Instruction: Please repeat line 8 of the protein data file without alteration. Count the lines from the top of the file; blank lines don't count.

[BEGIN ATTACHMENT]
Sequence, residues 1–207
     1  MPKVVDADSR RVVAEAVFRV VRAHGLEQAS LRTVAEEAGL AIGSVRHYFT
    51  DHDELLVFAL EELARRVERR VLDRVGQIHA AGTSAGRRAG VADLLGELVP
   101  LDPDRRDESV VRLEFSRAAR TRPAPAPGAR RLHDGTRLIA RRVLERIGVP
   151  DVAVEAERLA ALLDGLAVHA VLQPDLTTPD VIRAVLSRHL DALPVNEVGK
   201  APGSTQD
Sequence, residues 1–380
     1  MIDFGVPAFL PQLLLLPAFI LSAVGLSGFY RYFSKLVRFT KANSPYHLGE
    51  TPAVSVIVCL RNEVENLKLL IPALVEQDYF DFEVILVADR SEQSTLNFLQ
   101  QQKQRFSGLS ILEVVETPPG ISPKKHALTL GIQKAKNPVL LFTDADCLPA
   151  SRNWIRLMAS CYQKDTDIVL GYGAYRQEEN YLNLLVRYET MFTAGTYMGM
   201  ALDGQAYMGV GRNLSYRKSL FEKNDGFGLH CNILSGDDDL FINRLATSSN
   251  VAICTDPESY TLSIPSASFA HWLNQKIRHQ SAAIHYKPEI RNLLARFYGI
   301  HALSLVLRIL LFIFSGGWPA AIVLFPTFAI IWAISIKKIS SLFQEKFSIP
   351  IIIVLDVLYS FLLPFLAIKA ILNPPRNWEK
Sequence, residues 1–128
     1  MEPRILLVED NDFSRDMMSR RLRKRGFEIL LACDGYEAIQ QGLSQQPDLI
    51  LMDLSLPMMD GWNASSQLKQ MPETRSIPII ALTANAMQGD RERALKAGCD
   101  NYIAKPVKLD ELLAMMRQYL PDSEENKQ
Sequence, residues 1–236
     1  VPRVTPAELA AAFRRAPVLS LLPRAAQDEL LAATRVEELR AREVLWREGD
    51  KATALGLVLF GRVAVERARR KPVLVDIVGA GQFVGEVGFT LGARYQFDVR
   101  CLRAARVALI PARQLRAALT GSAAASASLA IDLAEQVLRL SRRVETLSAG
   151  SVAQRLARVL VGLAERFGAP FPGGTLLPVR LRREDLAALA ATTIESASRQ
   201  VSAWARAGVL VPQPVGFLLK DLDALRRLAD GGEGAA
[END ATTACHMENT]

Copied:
     1  MIDFGVPAFL PQLLLLPAFI LSAVGLSGFY RYFSKLVRFT KANSPYHLGE